In 2008 The Union ceased to exist and the newly founded Democratic Party decided to break the alliance with the Communist Refoundation Party and the other parties of the coalition, except Italy of Values and the Italian Radicals. On the centre-right, Forza Italia and National Alliance merged to form The People of Freedom, which continued the alliance with Lega Nord and secured a big majority in both Chambers at the 2008 general election.

In the 2013 general election, the political scenario was much more fragmented with four big groupings: the centre-left led by the Democratic Party, the traditional centre-right alliance between The People of Freedom and Lega Nord, Beppe Grillo's Five Star Movement and a new centrist coalition around Mario Monti's Civic Choice. In November 2013 The People of Freedom was dissolved and merged into the new Forza Italia.

Active parties

Major parties

Active parties having garnered at least 4% in the latest general election or having their own group in at least a chamber of the Italian Parliament or 5 MEPs:

Minor parties

Active parties having garnered at least 0.5% in a general/European election or having had at least 5 MPs, 2 MEPs or 3 elects in 3 different Regional Councils:

Regional parties

Active parties having garnered at least 1% in a regional election (or in a general/European election at the regional level) or having had at least 2 regional councillors:

Aosta Valley
Piedmont
Lombardy
South Tyrol
Trentino
Veneto
Friuli-Venezia Giulia
Emilia-Romagna
Liguria
Tuscany
Marche
Umbria
Molise
Campania
Apulia
Basilicata
Calabria
Sicily
Sardinia

Parties of the Italians abroad

Active parties having garnered at least 15% in one constituency in a general election or having had at least 1 MP:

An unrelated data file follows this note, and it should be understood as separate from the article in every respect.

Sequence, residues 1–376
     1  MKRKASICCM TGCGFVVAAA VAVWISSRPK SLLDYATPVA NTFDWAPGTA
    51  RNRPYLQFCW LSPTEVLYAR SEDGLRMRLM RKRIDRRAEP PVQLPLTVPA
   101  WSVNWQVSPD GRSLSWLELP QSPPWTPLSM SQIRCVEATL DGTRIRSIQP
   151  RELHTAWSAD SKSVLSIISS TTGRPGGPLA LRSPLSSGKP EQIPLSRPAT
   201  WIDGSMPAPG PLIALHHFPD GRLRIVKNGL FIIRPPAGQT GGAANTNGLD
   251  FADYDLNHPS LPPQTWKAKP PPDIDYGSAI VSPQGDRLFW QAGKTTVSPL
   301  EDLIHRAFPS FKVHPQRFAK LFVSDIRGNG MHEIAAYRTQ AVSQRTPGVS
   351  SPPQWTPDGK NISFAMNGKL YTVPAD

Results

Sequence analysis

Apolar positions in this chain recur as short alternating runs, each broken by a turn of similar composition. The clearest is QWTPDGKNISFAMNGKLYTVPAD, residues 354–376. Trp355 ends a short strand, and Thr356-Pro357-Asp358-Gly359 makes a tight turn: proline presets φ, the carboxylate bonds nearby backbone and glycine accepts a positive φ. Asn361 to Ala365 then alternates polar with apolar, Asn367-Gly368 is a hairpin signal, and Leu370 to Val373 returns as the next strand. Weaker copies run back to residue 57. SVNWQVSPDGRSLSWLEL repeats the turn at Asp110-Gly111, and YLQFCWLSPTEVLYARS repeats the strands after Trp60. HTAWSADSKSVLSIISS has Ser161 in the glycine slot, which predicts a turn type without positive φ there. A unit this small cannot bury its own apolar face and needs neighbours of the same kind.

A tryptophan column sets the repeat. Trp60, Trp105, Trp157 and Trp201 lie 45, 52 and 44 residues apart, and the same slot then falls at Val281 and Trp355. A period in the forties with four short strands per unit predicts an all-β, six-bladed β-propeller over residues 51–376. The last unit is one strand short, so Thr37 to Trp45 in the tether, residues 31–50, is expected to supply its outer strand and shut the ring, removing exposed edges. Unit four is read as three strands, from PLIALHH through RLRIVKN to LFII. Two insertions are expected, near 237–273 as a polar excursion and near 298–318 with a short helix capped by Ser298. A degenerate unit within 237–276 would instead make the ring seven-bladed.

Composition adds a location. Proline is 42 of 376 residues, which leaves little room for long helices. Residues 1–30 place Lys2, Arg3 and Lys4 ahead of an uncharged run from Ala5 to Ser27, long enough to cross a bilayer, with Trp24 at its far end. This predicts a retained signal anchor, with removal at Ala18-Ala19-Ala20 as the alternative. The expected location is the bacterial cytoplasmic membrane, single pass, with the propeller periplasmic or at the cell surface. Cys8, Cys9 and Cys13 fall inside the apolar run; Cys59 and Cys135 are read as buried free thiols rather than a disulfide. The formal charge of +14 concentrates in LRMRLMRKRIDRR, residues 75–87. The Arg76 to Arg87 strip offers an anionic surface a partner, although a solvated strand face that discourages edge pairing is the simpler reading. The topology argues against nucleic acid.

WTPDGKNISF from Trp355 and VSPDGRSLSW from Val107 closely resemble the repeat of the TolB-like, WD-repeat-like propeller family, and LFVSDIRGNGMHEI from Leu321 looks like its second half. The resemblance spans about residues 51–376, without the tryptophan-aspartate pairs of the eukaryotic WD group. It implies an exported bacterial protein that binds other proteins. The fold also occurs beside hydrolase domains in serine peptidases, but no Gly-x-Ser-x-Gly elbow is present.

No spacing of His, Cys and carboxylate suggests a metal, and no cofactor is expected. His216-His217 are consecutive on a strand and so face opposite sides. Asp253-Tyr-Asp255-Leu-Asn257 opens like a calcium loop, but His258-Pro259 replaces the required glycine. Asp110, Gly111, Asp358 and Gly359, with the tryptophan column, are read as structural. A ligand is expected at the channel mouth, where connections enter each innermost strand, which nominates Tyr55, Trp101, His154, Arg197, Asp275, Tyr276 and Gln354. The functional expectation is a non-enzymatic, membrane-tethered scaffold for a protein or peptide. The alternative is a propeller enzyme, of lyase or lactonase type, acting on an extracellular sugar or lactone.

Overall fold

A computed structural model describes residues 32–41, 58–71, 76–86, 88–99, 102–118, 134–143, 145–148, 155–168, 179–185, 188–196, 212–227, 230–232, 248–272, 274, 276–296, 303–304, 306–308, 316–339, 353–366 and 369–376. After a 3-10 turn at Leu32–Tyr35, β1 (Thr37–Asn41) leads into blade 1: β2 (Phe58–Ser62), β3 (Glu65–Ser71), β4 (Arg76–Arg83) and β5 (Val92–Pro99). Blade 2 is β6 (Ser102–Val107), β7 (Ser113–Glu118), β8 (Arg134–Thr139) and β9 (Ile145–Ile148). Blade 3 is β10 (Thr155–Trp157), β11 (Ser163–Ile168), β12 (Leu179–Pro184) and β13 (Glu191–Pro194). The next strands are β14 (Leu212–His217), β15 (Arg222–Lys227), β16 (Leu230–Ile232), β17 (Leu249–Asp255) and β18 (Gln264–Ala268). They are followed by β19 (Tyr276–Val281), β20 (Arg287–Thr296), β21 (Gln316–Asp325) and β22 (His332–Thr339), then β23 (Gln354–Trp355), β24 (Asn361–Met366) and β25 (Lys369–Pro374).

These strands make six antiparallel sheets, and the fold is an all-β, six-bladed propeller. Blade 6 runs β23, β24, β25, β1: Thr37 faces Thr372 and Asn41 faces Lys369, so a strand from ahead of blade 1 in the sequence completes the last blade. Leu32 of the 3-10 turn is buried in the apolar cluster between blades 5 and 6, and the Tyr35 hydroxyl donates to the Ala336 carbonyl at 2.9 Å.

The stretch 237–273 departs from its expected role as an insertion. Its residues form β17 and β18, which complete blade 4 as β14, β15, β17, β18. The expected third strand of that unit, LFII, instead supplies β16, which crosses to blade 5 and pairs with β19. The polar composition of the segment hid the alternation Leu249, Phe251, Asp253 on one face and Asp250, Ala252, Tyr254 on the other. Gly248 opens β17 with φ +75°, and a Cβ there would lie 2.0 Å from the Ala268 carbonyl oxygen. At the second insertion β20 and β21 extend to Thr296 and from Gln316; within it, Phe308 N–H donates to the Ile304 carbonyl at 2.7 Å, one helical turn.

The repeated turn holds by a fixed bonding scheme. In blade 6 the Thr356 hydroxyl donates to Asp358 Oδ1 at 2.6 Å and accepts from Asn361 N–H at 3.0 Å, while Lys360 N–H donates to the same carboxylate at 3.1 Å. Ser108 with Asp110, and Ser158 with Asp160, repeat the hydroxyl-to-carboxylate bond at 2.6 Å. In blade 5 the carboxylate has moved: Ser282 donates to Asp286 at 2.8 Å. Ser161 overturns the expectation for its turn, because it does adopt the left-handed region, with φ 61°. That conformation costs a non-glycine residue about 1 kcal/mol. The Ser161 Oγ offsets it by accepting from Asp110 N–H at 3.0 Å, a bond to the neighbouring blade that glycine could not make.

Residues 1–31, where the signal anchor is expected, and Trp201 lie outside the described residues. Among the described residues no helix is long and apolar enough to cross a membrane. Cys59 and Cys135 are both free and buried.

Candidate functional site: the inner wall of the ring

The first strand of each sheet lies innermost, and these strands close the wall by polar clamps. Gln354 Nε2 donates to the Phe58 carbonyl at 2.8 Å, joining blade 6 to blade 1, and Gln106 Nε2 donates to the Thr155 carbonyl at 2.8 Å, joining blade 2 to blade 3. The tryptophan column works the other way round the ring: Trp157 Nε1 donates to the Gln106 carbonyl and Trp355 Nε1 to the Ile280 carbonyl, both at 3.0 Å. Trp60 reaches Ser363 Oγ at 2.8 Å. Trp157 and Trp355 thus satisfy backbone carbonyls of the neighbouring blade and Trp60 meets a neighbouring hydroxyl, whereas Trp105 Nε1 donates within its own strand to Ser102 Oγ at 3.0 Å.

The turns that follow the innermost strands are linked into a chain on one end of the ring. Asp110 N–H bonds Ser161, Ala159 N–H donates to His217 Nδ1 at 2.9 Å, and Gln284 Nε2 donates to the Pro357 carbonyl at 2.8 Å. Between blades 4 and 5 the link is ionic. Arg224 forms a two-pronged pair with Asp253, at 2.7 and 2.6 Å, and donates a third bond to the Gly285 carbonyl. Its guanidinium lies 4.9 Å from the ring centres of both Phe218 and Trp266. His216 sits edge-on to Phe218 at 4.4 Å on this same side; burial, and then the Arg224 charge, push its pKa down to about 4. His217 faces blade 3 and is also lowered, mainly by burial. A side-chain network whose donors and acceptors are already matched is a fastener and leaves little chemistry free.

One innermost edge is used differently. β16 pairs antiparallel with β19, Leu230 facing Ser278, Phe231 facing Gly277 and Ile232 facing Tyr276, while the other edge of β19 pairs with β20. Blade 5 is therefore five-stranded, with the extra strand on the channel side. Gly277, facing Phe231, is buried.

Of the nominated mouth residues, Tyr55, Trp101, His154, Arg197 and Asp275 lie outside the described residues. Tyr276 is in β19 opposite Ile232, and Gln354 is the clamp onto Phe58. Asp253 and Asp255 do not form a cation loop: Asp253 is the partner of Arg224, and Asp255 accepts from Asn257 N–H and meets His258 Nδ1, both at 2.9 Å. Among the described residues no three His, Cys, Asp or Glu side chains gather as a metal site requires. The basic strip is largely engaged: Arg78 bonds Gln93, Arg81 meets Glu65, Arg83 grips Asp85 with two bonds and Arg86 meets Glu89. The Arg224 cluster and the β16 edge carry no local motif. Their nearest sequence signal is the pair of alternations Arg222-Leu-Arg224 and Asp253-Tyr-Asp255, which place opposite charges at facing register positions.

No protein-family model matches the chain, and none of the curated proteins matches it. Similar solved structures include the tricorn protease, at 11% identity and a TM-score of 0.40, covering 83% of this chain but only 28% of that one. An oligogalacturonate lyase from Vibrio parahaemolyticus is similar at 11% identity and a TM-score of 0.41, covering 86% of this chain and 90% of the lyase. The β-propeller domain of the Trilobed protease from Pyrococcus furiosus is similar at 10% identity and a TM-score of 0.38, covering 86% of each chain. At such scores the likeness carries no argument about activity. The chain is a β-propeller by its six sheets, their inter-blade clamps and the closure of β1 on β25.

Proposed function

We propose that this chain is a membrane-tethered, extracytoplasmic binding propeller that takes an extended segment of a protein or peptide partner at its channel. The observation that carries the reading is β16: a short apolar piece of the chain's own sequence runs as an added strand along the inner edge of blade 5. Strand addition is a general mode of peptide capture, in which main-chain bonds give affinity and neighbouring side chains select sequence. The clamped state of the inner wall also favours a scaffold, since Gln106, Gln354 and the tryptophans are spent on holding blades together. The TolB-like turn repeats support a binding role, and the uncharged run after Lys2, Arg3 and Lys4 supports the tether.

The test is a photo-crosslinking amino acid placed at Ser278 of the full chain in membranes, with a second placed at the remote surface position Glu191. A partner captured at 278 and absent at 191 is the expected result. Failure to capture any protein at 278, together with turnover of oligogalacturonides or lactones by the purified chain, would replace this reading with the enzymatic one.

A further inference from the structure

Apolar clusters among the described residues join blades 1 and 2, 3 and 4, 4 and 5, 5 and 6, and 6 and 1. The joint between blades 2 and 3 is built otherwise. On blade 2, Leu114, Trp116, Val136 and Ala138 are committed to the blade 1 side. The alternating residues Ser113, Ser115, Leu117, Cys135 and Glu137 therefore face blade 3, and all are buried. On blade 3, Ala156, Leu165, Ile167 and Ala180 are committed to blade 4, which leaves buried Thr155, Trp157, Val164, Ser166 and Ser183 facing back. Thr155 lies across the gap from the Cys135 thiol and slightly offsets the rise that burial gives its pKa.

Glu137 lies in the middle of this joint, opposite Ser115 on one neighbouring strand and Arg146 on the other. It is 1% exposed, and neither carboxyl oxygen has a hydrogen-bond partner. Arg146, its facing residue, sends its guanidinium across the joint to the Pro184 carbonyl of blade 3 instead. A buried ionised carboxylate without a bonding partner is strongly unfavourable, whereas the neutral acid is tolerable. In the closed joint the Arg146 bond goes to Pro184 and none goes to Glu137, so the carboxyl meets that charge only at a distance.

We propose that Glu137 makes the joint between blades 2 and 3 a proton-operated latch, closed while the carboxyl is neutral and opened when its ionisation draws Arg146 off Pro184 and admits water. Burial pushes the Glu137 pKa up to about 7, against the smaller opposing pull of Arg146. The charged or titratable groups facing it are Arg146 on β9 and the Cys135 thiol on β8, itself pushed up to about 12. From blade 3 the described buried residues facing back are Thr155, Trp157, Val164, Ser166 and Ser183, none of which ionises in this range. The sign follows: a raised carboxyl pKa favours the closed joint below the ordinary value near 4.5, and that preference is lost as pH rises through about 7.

Parliamentary groups

Parliamentary groups not directly connected to a political party or coalition of political parties:

* The group, active in the Senate since 2001, has been known as "UDC, SVP and Autonomies" in 2008–2013 and "For the Autonomies – PSI – MAIE" since 2013.

Former parties

Coalitions

Former coalitions having garnered at least 15% in a general/European election:

Parties

Former parties having garnered at least 1% in a general/European election or having had at least 5 MPs or 2 MEPs:

Regional parties

Former parties having garnered at least 1% in a regional election (or in a general/European election at the regional level) or having had at least 2 regional councillors:

Aosta Valley
Piedmont
Lombardy
Liguria
South Tyrol
Trentino
Veneto
Friuli-Venezia Giulia
Molise
Campania
Basilicata
Calabria
Sicily
Sardinia

Parties of the Italians abroad

Former parties having garnered at least 15% in one constituency in a general election or having had at least 1 MP:

Parliamentary groups

Parliamentary groups not directly connected to a political party or coalition of political parties: